You may also want to note that the International Journal will be holding its first annual conference in London on 4-5 September.

15 July 2012

Enterprise and Regulatory Reform Bill (UK)

Experts wishing to track current developments in smart regulation should regularly visit the special website opened by the Business Innovation and Skills (BIS) department and entirely dedicated to the Enterprise and Regulatory Reform Bill under discussion in Parliament.
The site follows the passage of the Bill through both Houses of Parliament. Published on the 23 May 2012 in the House of Commons, (text available on the Parliament website) the Bill aims to cut the costs of doing business in Britain, boosting consumer and business confidence and helping the private sector create jobs. It will:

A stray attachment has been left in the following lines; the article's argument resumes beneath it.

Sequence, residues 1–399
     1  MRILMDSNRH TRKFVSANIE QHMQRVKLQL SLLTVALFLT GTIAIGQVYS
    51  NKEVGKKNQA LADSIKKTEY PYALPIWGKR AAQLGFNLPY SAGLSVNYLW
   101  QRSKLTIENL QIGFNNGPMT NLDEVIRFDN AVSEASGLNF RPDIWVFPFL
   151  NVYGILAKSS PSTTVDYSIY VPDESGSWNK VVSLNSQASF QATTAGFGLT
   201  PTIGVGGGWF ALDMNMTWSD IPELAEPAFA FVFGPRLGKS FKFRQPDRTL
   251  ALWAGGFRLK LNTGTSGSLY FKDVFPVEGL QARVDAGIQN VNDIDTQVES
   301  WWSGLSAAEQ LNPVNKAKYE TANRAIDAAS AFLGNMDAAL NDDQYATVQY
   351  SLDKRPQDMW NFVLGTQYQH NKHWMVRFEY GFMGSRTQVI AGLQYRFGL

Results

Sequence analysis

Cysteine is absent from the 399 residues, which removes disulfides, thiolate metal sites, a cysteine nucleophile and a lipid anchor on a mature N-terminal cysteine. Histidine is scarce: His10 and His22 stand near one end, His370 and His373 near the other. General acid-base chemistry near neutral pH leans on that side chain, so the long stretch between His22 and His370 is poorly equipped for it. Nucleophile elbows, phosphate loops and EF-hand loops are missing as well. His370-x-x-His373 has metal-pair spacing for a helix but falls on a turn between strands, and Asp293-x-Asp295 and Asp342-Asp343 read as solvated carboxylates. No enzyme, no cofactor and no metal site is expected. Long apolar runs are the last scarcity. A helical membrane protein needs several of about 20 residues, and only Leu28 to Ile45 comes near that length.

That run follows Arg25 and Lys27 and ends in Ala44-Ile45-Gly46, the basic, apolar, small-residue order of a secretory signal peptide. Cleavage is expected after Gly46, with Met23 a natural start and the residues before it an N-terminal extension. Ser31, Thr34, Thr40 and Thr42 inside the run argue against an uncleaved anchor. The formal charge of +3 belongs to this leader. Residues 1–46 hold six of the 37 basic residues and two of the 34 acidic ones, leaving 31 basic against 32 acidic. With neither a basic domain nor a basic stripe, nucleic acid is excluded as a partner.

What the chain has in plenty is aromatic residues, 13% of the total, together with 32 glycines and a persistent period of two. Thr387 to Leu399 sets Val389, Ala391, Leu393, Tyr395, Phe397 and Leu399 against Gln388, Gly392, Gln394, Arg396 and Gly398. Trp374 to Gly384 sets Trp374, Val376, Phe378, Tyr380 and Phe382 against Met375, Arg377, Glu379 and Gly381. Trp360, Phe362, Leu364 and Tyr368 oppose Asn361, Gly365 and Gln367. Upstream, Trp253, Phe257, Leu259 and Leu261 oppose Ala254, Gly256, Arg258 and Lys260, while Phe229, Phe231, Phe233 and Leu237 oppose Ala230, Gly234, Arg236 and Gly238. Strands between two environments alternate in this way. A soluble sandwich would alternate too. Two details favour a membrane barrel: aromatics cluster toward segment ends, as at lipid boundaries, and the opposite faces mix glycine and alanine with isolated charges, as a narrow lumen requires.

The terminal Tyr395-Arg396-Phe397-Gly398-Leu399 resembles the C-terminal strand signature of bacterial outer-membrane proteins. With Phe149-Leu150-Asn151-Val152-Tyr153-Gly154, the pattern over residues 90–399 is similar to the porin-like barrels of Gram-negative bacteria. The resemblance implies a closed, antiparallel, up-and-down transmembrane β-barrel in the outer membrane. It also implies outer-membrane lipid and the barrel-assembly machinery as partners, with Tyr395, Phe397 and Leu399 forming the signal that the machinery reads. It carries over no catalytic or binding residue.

- Improve the employment tribunal system.
- Create a new Competition and Markets Authority.
- Set the purpose of the UK Green Investment Bank.
- Give shareholder's binding votes on directors' pay.
- Simplify business red tape.
There is an active discussion in the media every time a significant amendment is announced, like the recent measures to give stakeholders a better control on company directors' remunerations.

What would Republican RR look like?